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Ban the Vancouver Canucks! Here is how ridiculous a B.C./Alberta trade war could become


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No easy resolution is in sight for the ongoing Alberta/B.C. trade war.  A defiant B.C. government is taking out newspaper ads encouraging their citizens to spite Alberta by drinking more wine. Alberta, meanwhile, issued valentines to B.C. carrying the poem “roses are red, violets are fine, let’s build a pipeline and we’ll take back your wine.” 

One thing is clear in this war: If B.C. and Alberta decide to go all-out, there is little to stop this from descending into a devastating tit-for-tat dispute.

Below, our analysis of just how ridiculous this could get.

This trade war is already breaking the law
“All Articles of the Growth, Produce, or Manufacture of any one of the Provinces shall, from and after the Union, be admitted free into each of the other Provinces,” reads Section 121 of the British North America Act, the founding document of Canada — and a document that predates the existence of both Alberta and the province of British Columbia. “No provincial government has the legislative authority to stop interprovincial trade,” said Ian Blue, a lawyer in the “Comeau” Supreme Court case looking to challenge provincial restrictions on the importation of alcohol. B.C. and Alberta’s fight has been unconstitutional from the get-go, so the gloves are already off.

The Fathers of Confederation weren’t stupid. They obviously included something to prevent this.

First, seal the borders to government purchases
The genius of Alberta’s wine ban is that it isn’t technically blocking interprovincial trade. All alcohol sold in Alberta has to first pass through the hands of the government-run Alberta Gaming and Liquor Commission. So they aren’t sealing the border, per se, they’re just refusing to buy B.C. product. The easiest way to escalate this trade war would be to expand the directive: Absolutely nothing from B.C. gets purchased with Alberta government dollars. B.C. contractors can be barred from bidding on government projects. Governments employees can be forbidden from expensing lunches at restaurants known to serve B.C. fruit or cheese. Government purchasers can be ordered not to buy a single truck, hard hat or piece of playground equipment that got into Canada by way of Port Metro Vancouver.

No nursery flower that has kissed B.C. soil would be allowed to kiss Alberta’s.

Next, bury each other with B.S. regulations
B.C.’s premise for blocking the Trans Mountain pipeline is safety: They’re restricting diluted bitumen shipments due to fears of a spill. Similarly, all manner of interprovincial transportation can be halted with the pretense of health and safety. “If you wanted Alberta to do something that was analogous to what B.C. has done, it would be to say ‘trains coming into Alberta from the Port of Vancouver are posing a threat because they transport hazardous goods … so we’re going to stop trains until we can satisfy ourselves that they pose no risk,’” said Brian Crowley, managing director of the Macdonald-Laurier Institute. The Trans-Canada Highway can be blocked to B.C. truck traffic with the excuse that Rocky Mountain passes cannot safely be traversed by vehicles weighing more than 5,000 kg. And the possibilities are endless for industry-specific red tape: B.C. timber might be full of spruce beetles, B.C. seafood might be filled with red tide and B.C. milk might be swimming in typhoid. B.C. can retaliate with a similar avalanche of questionable regulations against Alberta, of course. Perhaps the province will decide that excessive diesel exhaust is endangering the health and safety of the City of Vancouver, and thus traffic to Port Metro Vancouver has to be restricted to B.C. drivers.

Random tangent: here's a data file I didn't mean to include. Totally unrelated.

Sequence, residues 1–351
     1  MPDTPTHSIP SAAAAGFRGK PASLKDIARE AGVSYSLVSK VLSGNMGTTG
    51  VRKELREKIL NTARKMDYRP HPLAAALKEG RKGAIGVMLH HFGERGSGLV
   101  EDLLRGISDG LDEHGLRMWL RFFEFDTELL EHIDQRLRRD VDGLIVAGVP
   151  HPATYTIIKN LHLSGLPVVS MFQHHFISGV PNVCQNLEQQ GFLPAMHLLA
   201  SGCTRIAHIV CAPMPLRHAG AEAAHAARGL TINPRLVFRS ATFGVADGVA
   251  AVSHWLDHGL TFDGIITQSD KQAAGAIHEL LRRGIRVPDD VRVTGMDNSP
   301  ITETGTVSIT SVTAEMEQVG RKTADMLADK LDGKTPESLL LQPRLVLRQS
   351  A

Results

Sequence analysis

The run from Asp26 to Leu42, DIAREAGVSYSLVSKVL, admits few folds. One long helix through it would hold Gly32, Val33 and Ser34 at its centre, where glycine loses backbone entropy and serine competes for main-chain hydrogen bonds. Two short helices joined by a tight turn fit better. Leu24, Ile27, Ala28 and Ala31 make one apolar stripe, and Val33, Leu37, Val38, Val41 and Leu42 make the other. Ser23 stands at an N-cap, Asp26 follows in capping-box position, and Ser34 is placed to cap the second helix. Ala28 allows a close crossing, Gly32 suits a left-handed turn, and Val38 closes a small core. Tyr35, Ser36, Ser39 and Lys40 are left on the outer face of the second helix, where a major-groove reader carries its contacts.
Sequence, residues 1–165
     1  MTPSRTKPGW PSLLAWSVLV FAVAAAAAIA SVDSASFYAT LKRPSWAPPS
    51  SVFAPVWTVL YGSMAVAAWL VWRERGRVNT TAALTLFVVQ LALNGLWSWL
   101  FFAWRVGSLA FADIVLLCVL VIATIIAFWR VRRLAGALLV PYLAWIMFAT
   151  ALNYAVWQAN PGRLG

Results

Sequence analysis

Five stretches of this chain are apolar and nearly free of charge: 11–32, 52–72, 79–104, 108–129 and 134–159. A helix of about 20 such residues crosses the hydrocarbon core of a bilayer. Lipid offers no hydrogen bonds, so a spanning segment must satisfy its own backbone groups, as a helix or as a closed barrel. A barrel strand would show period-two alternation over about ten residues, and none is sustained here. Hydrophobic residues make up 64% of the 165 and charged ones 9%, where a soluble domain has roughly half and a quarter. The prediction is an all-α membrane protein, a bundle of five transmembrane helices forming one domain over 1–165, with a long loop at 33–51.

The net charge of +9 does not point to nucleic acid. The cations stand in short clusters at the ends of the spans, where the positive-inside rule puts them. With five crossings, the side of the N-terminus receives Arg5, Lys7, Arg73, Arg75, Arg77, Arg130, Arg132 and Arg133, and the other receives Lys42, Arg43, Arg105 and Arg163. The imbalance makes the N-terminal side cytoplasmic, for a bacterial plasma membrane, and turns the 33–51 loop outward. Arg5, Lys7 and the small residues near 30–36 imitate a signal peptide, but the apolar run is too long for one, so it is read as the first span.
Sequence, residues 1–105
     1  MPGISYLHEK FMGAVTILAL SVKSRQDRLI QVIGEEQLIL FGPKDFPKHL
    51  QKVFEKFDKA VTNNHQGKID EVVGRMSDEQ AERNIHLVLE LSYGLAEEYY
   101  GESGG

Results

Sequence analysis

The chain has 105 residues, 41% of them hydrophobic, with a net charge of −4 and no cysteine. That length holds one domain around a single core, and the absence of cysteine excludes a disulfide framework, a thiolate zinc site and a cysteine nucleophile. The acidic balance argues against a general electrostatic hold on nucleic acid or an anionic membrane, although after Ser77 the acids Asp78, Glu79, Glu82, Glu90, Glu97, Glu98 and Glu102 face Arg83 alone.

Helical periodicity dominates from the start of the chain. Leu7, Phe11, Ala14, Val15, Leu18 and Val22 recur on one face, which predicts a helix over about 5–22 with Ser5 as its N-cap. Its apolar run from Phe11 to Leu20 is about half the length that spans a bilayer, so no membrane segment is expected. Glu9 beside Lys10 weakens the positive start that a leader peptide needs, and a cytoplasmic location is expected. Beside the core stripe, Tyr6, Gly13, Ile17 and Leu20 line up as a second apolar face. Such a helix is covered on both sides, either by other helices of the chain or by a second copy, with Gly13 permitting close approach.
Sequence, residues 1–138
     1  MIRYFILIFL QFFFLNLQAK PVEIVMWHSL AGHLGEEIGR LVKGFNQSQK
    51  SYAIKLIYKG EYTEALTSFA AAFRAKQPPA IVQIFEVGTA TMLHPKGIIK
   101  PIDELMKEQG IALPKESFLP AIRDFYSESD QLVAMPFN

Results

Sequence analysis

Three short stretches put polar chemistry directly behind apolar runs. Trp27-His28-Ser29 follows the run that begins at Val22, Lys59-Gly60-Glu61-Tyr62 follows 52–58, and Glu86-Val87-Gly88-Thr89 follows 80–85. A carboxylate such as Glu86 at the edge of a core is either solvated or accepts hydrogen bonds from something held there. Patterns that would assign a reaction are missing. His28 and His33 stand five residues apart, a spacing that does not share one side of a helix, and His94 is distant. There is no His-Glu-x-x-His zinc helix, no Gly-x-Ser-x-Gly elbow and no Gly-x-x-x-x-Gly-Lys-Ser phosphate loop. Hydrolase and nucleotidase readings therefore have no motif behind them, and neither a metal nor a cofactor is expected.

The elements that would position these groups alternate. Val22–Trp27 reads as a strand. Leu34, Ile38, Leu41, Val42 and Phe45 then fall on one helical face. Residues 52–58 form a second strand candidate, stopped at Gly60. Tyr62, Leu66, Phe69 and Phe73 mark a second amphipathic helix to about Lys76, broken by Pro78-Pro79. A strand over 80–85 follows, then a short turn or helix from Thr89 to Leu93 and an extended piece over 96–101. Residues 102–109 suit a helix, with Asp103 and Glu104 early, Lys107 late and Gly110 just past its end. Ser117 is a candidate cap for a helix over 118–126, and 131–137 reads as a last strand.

An Alberta elk warily eyes a train that may or may not be packed with all manner of dangerous goods from British Columbia.

If things get truly ridiculous, Alberta could unilaterally shut down everything
There is a 1921 Supreme Court case that is pretty clear about provinces not being allowed to set up their own customs checkpoints. However, Alberta can do whatever it wants until Ottawa or a court gets around to deeming it unlawful. Wild Rose country, in fact, already has an established tradition of passing wildly unconstitutional laws. In the 1930s, the Social Credit government of Bill Aberhart tried to nationalize banks, censor the press and have their opponents killed. Ottawa quickly slapped down the crazier measures, but not before they were briefly the law of the land. Similarly, if it didn’t mind flouting the constitution, the government of Rachel Notley could completely seal the borders with police patrols, blockade the airports, shut off gas exports, ban radio plays of Chilliwack and forbid the Vancouver Canucks from playing in Calgary or Edmonton.